There is no one out there in this world who has not experienced anger. From toddlers, we are faced with “temper tantrums” or bursts of anger in which we fling our bodies around, whine, scream, and cry in order to get what we want. Anger is an innate emotion. When someone mistreats us, we often resort to anger. If life is not going the way we want it to go, we are angered. Anger is one of the worst ways of dealing with a situation. It is the opposite of love and patience, the things that we should thrive for as civilized human beings. On a biblical standpoint, anger only leads to destruction. For example, Moses’ anger issue did not let him see the promise land. Even God’s “anger” towards the world led to the entire destruction of the world by means of a flood. When you allow anger to harbor in your heart, you are only creating a detriment to your heart. Its simple as this. Anger is like a weed in a garden. At first it appears harmless. But then as you let it grow, it ends up destroying the other plants and taking up the entire plant population in the garden. In the past, as an adolescent I went through an angry phase. I was mad at the world, for what could have partly been hormones or for what could have been my circumstances. I would lash out easily, and store hatred for others. Yes, the so-called bubbly Abby had a hate list. One summer, my mom decided to send me to New York to stay with my grandma. I was only 11 years old at the time. As an effort to deal with my anger issues, I decided to write down every one that I hated. I wrote down the reason that I detested them and I felt so much better. Then, I decided that anger and hatred would not do anything beneficial for my life. I realized that God calls for us to love our neighbors as our selves. With this in mind, I decided to burn the list. I used my grandma’ gas stove and all of the hatred went into a fiery bliss of ashes. This metaphorical yet physical action was so therapeutic for me. It felt like a wave of peace was upon me. I was finally free from the burden of anger. Now, its not like I don’t get angry any more. I now know how to deal with my anger.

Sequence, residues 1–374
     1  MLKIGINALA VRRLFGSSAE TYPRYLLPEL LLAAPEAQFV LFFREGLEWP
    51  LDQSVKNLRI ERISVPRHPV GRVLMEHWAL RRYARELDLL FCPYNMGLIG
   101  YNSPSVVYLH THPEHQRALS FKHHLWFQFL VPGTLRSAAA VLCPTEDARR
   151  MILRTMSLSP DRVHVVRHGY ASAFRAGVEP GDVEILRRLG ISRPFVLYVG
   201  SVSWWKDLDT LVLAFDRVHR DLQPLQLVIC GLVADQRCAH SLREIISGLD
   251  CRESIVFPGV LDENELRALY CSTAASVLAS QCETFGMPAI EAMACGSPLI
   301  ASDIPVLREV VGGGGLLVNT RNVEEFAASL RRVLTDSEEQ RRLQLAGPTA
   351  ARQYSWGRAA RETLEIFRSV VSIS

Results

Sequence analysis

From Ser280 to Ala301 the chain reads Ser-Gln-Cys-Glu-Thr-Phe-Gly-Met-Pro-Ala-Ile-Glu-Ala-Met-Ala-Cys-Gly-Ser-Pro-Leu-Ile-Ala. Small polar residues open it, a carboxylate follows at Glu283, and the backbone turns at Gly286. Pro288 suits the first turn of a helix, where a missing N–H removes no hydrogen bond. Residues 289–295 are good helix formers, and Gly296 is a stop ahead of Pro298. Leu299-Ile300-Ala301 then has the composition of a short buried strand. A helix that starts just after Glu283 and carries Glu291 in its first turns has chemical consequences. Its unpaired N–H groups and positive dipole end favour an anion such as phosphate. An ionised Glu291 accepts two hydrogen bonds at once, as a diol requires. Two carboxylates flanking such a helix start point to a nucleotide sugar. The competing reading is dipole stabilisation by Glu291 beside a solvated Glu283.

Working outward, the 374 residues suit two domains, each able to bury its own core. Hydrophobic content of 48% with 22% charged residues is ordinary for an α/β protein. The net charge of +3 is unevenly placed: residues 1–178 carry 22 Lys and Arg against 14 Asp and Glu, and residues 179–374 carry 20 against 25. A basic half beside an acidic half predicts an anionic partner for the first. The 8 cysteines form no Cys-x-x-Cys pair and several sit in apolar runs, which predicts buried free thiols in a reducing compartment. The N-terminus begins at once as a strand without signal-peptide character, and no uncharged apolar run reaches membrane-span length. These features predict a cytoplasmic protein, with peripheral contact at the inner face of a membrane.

So here are so tips to deal with your anger.
- Assess why or who you are angry with. The first step to recovery is acknowledging the problem. Maybe someone has been repeatedly rude to you. Maybe your parents let you down. Whatever, the situation is determine what is triggering your anger.
- Decide to forgive. Resentment never solves the problem. Holding a grudge only makes you more miserable. Forgiveness is difficult but it will be a load off your chest once you forgive. Hatred and anger consumes so much of your time. Forgiveness allows you to think of the positive. My notion is if God can forgive, then you should be able to do so as well.
- Find a coping mechanism. For me, I coped by writing down what made me feel bad. Exercising is another way to release your anger. Having a sweat session releases endorphins and allows you to release any sense of physicality that may have been stored due to anger. Your coping mechanism may be talking to someone on the phone or watching a funny television show. On an episode of the show “Fresh Off the Boat”, one of the little boys said that he has a scream jar to prevent him from lashing out. Basically, every time he feels like he is about to have an anger meltdown he gets a jar and screams into it. This way, all the negative energy and screaming goes into the jar, not on other people. Find what works for you and stick to it.
- Seek spiritual counseling. When you are connected to a higher power, your sense of purpose shifts. You are less likely, to sweat the small stuff and focus on what is really important to you. Prayer, meditation, and fellowship are all ways in which your spirituality can assist you with your anger. Well that’ s all I have for today. I hope I helped some of you deal with your anger. Thanks for reading.